Uber pickup now available at Regina airport

Currently, Capital Cabs is the only taxi company that has a dedicated license allowing it to park at the airport’s front curb for pickups.The airport got rid of commercial licensing fees that cost cab companies $600 a year. Now, cabs or Uber drivers pay $2 per trip when picking up fares at the airport.Unlike some cities, Uber and cab companies operating in Regina do not currently offer flat rates to customers for trips to and from the airport.The Uber news comes as part of a larger project the airport has undertaken to improve ground transportation.This fall, the short-term parking lot will be switching to a gate-less system. Customers will walk up to a parking meter and enter their license plate when paying for parking.In an effort to encourage the City of Regina to consider public transportation to the terminal, the airport has offered to provide $100,000 annually for three years for such a service.In a City of Regina report in June, the administration presented two possible options: A standalone bus route between the downtown and the Regina airport; or expansion of a current route. Both come with pros and cons, including financial implications. The report, which came before a committee meeting, was simply filed at this point since transit service changes would require city council approval as part of its budgeting process.mmelnychuk@postmedia.com BRANDON HARDER / Regina Leader-Post Taxi cabs sit in a line, waiting for fares, at the Regina International Airport. Uber customers are now able to arrange a pickup when they get off their plane at the Regina International Airport.The airport has created a commercial vehicle pickup area in its short-term parking zone across the street from the main terminal that can be used by rideshare services or cab companies. The airport created the area to relieve traffic congestion on its main front curb and to create a more structured system.“We can’t just have everybody use the front curb for everything, otherwise there’s simply not enough room and we want to make sure we keep vehicles flowing,” said James Bogusz, the airport’s president and CEO, in an interview Monday.After Uber launched in the city in May, its drivers could do dropoffs at the airport but not pickups prior to this change. Bogusz said the pickup area is not meant to be a bullpen where drivers can wait for fares. It is strictly meant to be a place where drivers stop to pick up their customers.Cabs will also be able to use the area, and Bogusz said the airport is currently working with cab companies about using the new location.Story continues belowThis advertisement has not loaded yet,but your article continues below. read more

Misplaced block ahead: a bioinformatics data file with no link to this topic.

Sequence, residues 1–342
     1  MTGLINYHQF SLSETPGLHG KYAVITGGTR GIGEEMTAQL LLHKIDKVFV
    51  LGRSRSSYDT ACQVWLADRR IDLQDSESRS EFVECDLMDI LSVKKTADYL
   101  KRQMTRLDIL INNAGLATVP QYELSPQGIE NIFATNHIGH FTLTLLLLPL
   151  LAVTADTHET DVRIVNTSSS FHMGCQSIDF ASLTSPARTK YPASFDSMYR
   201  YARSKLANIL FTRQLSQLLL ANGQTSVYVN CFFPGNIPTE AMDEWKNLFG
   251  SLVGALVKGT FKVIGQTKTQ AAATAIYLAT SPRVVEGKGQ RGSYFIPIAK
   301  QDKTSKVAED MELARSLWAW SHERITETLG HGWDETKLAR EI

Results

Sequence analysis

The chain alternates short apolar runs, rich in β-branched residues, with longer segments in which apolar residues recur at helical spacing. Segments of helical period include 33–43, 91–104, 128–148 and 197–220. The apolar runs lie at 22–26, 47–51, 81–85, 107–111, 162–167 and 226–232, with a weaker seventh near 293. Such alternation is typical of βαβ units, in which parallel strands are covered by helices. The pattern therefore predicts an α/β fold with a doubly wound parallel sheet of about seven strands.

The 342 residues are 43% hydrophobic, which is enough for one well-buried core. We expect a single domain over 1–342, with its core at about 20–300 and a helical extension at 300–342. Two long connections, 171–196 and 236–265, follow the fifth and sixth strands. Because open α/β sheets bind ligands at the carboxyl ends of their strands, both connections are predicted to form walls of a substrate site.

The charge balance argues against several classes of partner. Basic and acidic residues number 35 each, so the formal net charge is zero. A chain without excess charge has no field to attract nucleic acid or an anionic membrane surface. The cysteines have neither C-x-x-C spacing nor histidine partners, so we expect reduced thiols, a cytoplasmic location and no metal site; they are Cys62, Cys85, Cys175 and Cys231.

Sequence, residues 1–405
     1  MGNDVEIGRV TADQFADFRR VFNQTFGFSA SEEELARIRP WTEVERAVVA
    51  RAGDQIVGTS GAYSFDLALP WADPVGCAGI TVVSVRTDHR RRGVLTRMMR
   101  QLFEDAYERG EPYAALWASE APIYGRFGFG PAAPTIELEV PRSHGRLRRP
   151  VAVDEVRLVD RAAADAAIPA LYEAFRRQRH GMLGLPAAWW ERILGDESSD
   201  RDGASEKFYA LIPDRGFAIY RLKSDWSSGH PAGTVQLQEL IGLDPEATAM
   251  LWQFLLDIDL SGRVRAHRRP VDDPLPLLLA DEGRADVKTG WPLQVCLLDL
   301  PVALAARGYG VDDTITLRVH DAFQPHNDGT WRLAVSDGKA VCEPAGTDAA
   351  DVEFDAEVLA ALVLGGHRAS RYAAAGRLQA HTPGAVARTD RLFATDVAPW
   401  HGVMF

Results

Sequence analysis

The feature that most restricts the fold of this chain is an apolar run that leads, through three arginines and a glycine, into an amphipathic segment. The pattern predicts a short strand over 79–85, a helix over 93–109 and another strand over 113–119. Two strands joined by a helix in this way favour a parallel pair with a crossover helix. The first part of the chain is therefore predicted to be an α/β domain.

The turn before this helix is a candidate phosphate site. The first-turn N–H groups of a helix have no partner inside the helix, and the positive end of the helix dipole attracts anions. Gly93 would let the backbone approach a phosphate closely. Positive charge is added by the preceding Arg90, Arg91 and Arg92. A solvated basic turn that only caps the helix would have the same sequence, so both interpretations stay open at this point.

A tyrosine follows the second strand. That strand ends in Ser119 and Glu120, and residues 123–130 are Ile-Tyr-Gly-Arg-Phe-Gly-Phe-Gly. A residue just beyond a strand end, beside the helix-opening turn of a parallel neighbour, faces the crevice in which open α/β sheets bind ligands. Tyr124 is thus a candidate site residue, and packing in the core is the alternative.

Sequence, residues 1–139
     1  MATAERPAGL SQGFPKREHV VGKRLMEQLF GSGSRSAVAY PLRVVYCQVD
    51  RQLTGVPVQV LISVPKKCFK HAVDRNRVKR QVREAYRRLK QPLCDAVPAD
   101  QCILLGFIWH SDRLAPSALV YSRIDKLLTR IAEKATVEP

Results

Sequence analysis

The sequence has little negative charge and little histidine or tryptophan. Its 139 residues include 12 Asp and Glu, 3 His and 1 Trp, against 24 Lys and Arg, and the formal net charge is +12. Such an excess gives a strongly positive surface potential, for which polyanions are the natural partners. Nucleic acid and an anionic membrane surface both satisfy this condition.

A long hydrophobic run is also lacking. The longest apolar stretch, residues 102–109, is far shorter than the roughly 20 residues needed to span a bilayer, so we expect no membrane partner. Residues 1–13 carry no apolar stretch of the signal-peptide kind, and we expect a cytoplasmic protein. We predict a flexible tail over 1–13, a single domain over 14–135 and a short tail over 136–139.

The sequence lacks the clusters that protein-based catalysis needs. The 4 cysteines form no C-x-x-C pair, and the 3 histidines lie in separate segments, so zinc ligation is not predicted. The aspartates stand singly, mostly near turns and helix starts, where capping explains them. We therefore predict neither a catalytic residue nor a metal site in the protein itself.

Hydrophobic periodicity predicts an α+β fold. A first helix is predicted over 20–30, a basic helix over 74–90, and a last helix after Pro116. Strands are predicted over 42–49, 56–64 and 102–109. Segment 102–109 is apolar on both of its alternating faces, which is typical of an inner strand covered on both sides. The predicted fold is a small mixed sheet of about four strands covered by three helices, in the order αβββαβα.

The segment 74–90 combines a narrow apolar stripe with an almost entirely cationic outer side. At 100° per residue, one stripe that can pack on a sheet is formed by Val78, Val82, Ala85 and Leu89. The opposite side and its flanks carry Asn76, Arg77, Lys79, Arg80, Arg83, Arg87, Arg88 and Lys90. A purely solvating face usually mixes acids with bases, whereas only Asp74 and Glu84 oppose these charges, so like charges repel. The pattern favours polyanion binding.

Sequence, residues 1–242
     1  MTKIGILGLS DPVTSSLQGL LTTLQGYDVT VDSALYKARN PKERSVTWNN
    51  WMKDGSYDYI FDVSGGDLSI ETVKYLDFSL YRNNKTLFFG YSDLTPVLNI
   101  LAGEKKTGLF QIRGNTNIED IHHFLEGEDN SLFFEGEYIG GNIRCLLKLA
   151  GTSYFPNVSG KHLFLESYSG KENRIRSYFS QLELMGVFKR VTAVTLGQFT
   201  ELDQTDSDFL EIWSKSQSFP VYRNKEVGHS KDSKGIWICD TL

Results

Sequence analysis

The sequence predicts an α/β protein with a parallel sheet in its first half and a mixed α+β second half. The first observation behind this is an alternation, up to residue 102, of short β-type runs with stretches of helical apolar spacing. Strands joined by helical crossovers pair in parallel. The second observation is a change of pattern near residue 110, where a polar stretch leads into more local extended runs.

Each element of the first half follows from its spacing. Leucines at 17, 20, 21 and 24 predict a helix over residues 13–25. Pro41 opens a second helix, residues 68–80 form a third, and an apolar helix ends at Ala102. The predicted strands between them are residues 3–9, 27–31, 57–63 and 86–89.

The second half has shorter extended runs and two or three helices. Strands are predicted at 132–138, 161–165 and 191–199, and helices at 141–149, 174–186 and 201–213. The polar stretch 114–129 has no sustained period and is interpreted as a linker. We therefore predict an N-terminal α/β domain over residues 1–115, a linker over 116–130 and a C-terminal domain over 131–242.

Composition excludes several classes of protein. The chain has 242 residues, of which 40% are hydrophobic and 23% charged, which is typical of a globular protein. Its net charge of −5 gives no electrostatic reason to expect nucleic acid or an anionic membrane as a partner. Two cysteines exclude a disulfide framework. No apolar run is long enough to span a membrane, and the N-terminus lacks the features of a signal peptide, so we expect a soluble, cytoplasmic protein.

By the numbers A look at rental statistics in Toronto and Vancouver

by Alexandra Posadzki, The Canadian Press Posted Jun 4, 2015 5:02 am MDT Last Updated Jun 4, 2015 at 7:51 am MDT AddThis Sharing ButtonsShare to TwitterTwitterShare to FacebookFacebookShare to RedditRedditShare to 電子郵件Email By the numbers: A look at rental statistics in Toronto and Vancouver TORONTO – After stagnating for two decades, construction of rental buildings is on the rise in the red-hot real estate markets of Toronto and Vancouver. Some figures on the emerging trend:In the pipeline: There are currently eight apartment buildings, containing a total of 2,458 rental units, under construction in the Toronto area. Another 37 buildings containing 9,207 units have been proposed. That’s a nearly 75 per cent increase over the 6,723 rental units that have been built in the Greater Toronto Area since 2005.Big ambitions: The City of Vancouver aims to have 5,000 new rental units built by 2021.Tight rental markets: The vacancy rate in Toronto remained stable at 1.6 per cent from the fall of 2013 to the fall of 2014, according to CMHC. In Vancouver, the vacancy rate declined from 1.7 per cent to one per cent during the same period.Soaring rents: The average monthly rent for a bachelor apartment in Toronto grew nearly three per cent to $896 between the fall of 2013 and the fall of 2014. The average cost of a two-bedroom also climbed roughly three per cent during the period, to $1,251. The average cost of a bachelor apartment in Vancouver also saw a three per cent jump during the period to $876, while two bedroom rentals climbed more than two per cent to $1,311.Home prices soar: In the Greater Toronto Area, the average selling price for all home types climbed to $649,599 in May, up 11 per cent from a year ago. Greater Vancouver saw a 9.4 increase to $684,400.—Data compiled from Urbanation, Canada Mortgage and Housing Corporation, the City of Vancouver, the Toronto Real Estate Board and the Real Estate Board of Greater Vancouver. read more